The problems of industrial agriculture are inter-related and build on themselves. In reaction to soil damage and depletion through tilling and failure to leave dead vegetation in place or to grow cover crops, more synthetic fertilizers are used. As the same crops are grown on the same land in consecutive years and because insecticides kill not only bugs but their natural predators, insect populations grow. Insecticide use expands commensurately. Consequently, groundwater is contaminated. So-called miracle seeds often deliver higher yields. But they require more irrigation and more chemical fertilizers, thus further depleting and damaging the water supply.

Similarly, many praise synthetic birth control and abortion for facilitating sexual activity. But these create larger, longer term consequences. As former Fed Chair Janet Yellen and others have observed, disconnecting sexuality from child-bearing has made men less willing to make, or keep, loving commitments to women. It has also encouraged women to seek the elusive perfect partner for decades. During this search, birth control users pass through their peak fertile years without conceiving and, culturally encouraged to stay “Up All Night to Get Lucky,” often get sexually transmitted infections that block Fallopian tubes and render them infertile. Delaying conception and STI scarring build IVF demand.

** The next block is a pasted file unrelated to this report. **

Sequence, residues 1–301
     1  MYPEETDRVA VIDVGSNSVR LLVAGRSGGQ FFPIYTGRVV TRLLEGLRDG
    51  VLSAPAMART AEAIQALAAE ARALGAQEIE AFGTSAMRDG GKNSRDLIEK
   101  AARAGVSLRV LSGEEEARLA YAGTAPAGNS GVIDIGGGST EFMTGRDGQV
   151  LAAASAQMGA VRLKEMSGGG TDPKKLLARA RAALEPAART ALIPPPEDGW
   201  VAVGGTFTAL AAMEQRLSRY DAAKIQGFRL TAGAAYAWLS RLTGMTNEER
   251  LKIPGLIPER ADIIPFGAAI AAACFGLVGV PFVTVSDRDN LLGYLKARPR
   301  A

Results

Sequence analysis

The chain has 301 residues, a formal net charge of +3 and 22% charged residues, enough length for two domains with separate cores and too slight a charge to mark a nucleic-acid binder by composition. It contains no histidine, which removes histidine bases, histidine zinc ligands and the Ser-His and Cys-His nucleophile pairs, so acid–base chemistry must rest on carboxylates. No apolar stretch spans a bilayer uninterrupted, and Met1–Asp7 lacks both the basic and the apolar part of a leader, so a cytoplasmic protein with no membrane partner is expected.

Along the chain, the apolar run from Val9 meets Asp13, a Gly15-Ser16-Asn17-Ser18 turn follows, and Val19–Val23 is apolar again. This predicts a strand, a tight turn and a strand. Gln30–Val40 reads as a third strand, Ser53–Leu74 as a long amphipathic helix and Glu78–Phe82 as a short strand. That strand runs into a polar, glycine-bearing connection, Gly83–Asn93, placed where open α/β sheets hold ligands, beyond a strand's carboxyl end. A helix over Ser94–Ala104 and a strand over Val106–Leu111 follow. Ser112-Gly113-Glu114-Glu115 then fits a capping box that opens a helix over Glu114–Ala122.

Conventional industrial agriculture seeks to eliminate human acceptance of life’s seasonality. Corporate agriculture enables supermarkets to sell every type of food year ‘round. This is energy intensive and facilitates a food-for-export model in places where many people go hungry. In contrast, a central benefit of organic gardening and farming is providing unprocessed, locally grown food, in season. Synthetic birth control and reprotech also seek to supplant reproductive seasonality with an on-demand model typical in our modern economy. Instead of couples being aware of the cyclical signs of a woman’s fertility and instead of breastfeeding — which can delay ovulation — chemicals and other commercial products are used to suppress fertility through peak fertile years.